The premise of the internet being involved somewhere in the property purchasing journey isn’t a new one nor are we claiming it is. Back in 2012, in the US, 90% of home buyers searched for a property online at some point during the buying process and for 42% of them, the internet was the place they started their search.
Just last year it was reported by Estate Agent Today that Rightmove receives around 120m visits a month! So this definitely isn’t a new phenomenon.
But what is new, and the reason this purchasing journey is becoming more digital than ever, is the number of digital interactions house buyers now have – particularly with new build home purchasing. Any standard online purchase is likely to be concluded in a short time frame – the decision of “I want to purchase X”, followed by researching the best provider by service or price and then the actual purchase itself, will most likely be done in a few hours, if not minutes.
But with people looking to buy a home, this usually short time frame may be anywhere between 3 and 8 months, maybe even longer. With the web and social media now being the preferred mediums for research, this extended research time frame could result in dozens of interactions between house builders / estate agents and potential buyers.
Ten years ago (remember, this is just as the first iPhone was coming out and only a year after Facebook opened up its service to the general public), the research phase included going to local estate agents and browsing the windows and perhaps even a drive around the area you want to live in to see what’s for sale and what the local area is like – there then might be a swift bit of online research and most likely that was only done on a laptop (although, Rightmove did launch their mobile specific website in 2007).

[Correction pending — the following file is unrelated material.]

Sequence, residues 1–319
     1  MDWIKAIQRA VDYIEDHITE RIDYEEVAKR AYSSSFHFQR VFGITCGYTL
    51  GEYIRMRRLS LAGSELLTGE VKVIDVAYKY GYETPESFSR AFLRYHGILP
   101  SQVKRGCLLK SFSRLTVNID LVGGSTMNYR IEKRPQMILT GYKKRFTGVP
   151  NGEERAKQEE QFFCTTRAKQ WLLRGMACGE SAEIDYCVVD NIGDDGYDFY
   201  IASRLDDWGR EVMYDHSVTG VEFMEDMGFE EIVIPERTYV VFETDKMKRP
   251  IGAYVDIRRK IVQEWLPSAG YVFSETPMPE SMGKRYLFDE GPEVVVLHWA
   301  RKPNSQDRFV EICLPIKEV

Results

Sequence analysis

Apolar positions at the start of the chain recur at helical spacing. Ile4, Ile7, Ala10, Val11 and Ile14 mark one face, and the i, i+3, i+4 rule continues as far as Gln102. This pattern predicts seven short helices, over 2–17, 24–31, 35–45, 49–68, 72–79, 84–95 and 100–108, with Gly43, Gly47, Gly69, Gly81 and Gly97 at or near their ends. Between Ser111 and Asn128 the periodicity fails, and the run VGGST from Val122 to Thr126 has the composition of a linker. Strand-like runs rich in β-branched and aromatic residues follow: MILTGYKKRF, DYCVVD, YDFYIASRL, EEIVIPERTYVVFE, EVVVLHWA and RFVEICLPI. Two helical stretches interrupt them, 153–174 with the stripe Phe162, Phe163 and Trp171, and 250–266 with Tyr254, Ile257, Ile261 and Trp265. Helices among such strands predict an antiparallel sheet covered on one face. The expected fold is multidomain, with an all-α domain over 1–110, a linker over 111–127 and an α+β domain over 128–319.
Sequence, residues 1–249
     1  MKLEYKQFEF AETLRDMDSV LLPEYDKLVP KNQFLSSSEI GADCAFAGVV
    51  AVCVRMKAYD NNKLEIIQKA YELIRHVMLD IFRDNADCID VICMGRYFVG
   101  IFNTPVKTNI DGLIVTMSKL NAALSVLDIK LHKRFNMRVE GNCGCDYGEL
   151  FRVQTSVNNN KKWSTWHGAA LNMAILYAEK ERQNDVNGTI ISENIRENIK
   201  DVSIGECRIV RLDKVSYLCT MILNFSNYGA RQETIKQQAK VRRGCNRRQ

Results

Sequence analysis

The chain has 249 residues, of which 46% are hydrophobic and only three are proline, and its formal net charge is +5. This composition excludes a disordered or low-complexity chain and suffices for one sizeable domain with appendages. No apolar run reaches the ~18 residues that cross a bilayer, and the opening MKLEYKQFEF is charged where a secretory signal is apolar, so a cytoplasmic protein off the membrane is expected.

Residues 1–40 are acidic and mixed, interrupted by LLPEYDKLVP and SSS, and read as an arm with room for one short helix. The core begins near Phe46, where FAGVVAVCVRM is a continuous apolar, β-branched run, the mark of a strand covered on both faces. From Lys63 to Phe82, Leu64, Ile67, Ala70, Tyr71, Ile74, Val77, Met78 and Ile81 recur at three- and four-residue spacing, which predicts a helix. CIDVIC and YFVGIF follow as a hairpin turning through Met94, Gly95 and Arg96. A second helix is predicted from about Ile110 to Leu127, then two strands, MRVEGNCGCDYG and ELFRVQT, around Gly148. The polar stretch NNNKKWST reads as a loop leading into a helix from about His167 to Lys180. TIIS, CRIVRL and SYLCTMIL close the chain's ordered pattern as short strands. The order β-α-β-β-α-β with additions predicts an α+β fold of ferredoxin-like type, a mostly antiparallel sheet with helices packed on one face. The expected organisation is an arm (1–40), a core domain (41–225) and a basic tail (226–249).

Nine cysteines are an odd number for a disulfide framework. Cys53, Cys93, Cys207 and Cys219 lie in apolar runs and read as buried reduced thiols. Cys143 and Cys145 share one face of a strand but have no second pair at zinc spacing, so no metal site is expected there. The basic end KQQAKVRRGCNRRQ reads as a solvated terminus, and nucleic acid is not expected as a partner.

Think of what a user can do now when they research a new property. They’re unlikely to go to the high-street estate agents unless they’re really struggling to find something. The start of the purchase is likely to start online – either a Google search or straight to one of the main property portals.
They’ll find some houses they like and then start to research them. No need to drive to see the local area, you can just Google Street View it. If they want to know what the local restaurant is like, they can go straight on Tripadvisor. If they’re going new build and want to see how the house builder performs they can search Twitter and Facebook for reviews. If they want to pick a house builder based on a style they prefer, off to Instagram and Pinterest they go.
They can sit on their phones on an evening scrolling through reams of information which is easily available, right at their finger-tips. Users are a bit more fickle too, we’re becoming less and less brand loyal – so buyers want you to help them and to come find them either by engaging updates on social media or through a well thought out email campaign.
And that is just the tip of the ice berg, but ultimately if you’re a house builder or estate agent and you haven’t manged to get your brand and properties in front of that user at each one of those dozens of touch points you’re likely to lose out. Until they’re really bought in to working with you, you’re unlikely to get contact that will allow you to use the personal touch or skills of your sales team – so you need to think; is your digital footprint big enough, informative enough, sticky enough and in the right places to be able to help you sell your homes?